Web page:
However, the European Venture Capital Association (EVCA) warned that other elements of EU policy threatened to kill off the sources of finance for innovative companies before the Innovation Union could even be implemented.

Uli Fricke, chairwoman of EVCA, said there is "a huge amount of good sense in the European Commission's Innovation Flagship, such as measures around public procurement, removing 'all remaining barriers to venture capital funds operating cross-border', the pooling of resources in trans-national projects, and to ensure VCs have the critical scale to specialise".

"So much of this will be undone if SMEs' life-line to venture capital is cut by a Hedge Fund Directive, as currently drafted," she said.

"Amid the many excellent proposals to promote innovation through venture capital, this initiative aims to allow venture capital to function and invest freely in the EU - 'if necessary, by a new legislative regime'. Surely it is better to save the patient before the AIFMD is passed than attempt a restoration years later, by which time most VCs would have been starved of institutional funds. The knock-on impact to finance for innovation would be devastating to the Flagship's goals," Fricke said.

EuropaBio, a lobby group representing the bioscience industries, welcomed the Innovation Union and the choice of healthy ageing as the first Innovation Partnership.

"Europe's biotech industry is at the forefront of innovation helping to provide solutions for longer, healthier and greener lives. Global competition is fierce and Europe needs collective commitments towards fostering innovation through decisive political moves such as the Innovation Union. Europe also needs supportive and coherent policies that foster the growth of key innovative sectors such as biotechnology and that allow us to take the lead on the international scene," said EuropaBio Chairman Andrea Rappagliosi.

EuropaBio welcomed the EU executive's commitment to tackled internal market fragmentation, eliminate restrictive interpretation of state aid for SMEs and to improve more general access to finance for small firms.

Microsoft described the Innovation Union as "indispensible for getting Europe out of its comfort zone and equipping it better for the economic challenges of the 21st century".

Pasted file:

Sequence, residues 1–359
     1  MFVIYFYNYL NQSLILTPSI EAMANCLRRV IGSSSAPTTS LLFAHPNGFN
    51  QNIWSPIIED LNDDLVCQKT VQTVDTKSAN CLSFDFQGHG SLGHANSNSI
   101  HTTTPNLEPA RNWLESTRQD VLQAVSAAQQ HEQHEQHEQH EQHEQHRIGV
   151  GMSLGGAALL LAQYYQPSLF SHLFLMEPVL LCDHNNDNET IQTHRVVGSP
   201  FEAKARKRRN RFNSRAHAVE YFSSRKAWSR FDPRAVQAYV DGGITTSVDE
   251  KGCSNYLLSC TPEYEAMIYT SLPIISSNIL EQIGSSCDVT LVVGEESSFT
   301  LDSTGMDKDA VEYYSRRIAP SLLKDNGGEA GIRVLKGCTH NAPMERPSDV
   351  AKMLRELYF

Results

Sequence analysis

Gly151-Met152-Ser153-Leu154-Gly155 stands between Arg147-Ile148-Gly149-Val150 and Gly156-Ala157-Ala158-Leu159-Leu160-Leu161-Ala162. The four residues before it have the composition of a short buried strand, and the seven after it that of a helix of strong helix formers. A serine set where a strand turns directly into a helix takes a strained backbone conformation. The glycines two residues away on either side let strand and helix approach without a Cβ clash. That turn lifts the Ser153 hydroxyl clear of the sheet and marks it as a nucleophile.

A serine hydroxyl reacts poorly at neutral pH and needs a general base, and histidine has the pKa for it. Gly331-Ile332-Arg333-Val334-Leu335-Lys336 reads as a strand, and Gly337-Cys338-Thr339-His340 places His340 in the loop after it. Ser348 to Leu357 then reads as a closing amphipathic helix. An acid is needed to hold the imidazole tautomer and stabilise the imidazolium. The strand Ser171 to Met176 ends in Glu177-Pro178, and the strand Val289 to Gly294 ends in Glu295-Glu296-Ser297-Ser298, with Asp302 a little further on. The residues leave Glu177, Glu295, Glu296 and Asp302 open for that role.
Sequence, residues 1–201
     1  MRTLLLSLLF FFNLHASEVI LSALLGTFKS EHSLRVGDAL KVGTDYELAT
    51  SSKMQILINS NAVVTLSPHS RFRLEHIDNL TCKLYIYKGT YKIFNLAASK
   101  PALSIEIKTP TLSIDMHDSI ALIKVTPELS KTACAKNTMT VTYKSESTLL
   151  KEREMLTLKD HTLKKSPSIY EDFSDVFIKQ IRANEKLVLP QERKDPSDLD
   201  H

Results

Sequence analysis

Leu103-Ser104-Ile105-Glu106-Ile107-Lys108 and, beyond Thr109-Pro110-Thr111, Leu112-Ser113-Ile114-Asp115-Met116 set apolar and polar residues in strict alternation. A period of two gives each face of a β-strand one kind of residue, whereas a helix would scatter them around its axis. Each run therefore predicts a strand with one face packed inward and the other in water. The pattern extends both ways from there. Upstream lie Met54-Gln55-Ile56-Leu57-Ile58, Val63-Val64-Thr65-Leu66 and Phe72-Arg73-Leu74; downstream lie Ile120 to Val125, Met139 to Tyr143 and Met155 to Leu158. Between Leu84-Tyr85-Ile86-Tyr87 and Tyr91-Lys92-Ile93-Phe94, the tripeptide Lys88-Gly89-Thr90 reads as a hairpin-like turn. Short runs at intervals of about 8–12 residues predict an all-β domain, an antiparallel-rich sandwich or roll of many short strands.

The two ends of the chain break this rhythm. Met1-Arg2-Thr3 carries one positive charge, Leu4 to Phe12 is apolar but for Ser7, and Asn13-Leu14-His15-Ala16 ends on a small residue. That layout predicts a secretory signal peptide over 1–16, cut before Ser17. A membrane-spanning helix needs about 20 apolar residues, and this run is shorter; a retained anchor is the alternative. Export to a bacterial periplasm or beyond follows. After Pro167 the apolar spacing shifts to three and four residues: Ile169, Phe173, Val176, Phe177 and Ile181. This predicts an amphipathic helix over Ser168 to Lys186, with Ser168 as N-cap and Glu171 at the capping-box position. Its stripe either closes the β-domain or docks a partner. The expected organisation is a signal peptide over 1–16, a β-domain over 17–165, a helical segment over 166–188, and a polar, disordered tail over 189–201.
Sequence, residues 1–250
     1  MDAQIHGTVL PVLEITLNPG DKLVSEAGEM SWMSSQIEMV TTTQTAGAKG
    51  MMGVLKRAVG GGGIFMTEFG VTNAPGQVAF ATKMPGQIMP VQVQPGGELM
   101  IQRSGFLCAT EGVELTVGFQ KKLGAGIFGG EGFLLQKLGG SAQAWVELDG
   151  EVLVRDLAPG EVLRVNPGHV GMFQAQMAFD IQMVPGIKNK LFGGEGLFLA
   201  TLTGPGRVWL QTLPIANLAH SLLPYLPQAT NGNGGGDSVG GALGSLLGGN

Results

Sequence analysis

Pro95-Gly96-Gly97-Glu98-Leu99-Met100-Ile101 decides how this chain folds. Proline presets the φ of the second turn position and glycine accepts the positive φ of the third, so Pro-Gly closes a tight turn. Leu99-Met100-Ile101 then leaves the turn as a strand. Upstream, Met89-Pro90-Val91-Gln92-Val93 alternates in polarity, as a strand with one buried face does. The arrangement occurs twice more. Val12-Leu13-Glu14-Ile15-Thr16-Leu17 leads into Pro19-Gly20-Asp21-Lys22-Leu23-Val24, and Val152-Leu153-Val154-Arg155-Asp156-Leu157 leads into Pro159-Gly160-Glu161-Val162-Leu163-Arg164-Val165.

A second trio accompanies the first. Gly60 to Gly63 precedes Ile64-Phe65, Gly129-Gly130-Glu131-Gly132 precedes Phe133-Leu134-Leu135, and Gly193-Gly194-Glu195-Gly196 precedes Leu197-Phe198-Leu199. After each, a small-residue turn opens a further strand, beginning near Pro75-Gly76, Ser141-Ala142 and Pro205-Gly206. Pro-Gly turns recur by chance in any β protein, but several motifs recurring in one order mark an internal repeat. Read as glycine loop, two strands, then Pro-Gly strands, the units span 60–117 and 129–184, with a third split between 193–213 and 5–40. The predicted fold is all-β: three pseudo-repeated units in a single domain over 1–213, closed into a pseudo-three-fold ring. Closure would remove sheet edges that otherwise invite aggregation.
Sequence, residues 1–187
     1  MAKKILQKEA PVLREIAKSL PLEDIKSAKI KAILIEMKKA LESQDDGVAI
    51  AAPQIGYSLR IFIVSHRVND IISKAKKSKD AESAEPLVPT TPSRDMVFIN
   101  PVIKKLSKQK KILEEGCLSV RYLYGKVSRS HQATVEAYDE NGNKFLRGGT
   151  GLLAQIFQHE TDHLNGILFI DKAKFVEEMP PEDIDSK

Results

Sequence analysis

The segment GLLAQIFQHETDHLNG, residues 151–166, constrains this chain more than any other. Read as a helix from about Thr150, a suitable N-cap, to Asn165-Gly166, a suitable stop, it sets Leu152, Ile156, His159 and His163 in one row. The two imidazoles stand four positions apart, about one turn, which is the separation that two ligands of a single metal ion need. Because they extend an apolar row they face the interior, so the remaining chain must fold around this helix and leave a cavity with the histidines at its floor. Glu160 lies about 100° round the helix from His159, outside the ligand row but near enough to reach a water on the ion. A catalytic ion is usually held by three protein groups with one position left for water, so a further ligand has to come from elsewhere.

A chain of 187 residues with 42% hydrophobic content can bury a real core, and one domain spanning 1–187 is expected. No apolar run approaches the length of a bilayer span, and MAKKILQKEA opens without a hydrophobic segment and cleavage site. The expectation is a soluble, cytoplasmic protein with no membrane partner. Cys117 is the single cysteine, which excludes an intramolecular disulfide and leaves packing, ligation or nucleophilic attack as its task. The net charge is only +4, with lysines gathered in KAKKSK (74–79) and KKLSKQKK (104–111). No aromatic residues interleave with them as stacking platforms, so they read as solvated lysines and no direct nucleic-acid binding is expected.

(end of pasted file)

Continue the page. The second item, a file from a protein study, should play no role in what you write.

"Placing innovation at the heart of economic policy is a necessity if Europe wants to remain an area of prosperity, growth and global competitiveness," said John Vassallo, Microsoft vice-president for EU affairs.

"Europe's future economic success will depend on tomorrow's entrepreneurs and innovators. We support the EU in its efforts to remove bottlenecks and to create the right policy framework which will sustain Europe's knowledge base and skills, allowing talent to thrive and bringing the most innovative ideas from the lab to the market place," Vassallo added.

UEAPME, a lobby group representing small businesses, welcomed the thrust of the Innovation Union but said the blueprint must be turned into reality. It said policymakers must show a willingness to act by agreeing a community patent.

UEAPME criticised the lack of focus towards small businesses that are not fast-growing or high-tech based, which are "somewhat ignored in the Commission's text despite providing the vast majority of Europe's innovation activities and potential".

UEAPME Economic and Fiscal Policy Director Gerhard Huemer said: "The strategy rightly identifies the main barriers holding back our innovation potential and the key role of the public sector when it comes to removing these obstacles and stimulating the private sector. However, the possible benefits of this strategy will remain on paper unless the commitments taken today are turned into reality and followed by concrete progress in all policy areas. The Community Patent will be the first test in this respect. We hope that the Belgian Presidency will be able to strike a deal before its term comes to an end."

Eurochambres, which represents chambers of commerce across Europe, expressed concern about the disproportionate emphasis on research in the European Commission's 'Innovation Union'. Despite an apparent recognition of the many shapes, forms and sources of innovation by the new Commission in recent months, chambers interpret this communication as a return to a research-driven strategy, according to Eurochambres. 

Arnaldo Abruzzini, secretary-general of Eurochambres, said: "Research undeniably remains a vital element of innovation, but it is only one of many important ingredients. Strengthening Europe's entrepreneurial eco-system and empowering more people to see themselves as innovators is equally important. Innovation is not just about scientific breakthroughs."

The group welcomed the focus on access to finance and industry-academia collaborations but expressed reservations about the "top-down" nature of the new Innovation Partnerships, claiming this approach will favour big industry at the expense of smaller enterprises.

"Entrepreneurs repeatedly tell us that they need to be able to pursue their innovative ideas freely and have quick and simple access to research institutes if and when required. A demand-driven approach to research would serve them better than a top-down, 'challenge-driven' process," Abruzzini said.

The European Trade Union Confederation (ETUC) welcomed the Commission's intention that workers have a role in innovation, along with industry leaders, universities and scientists.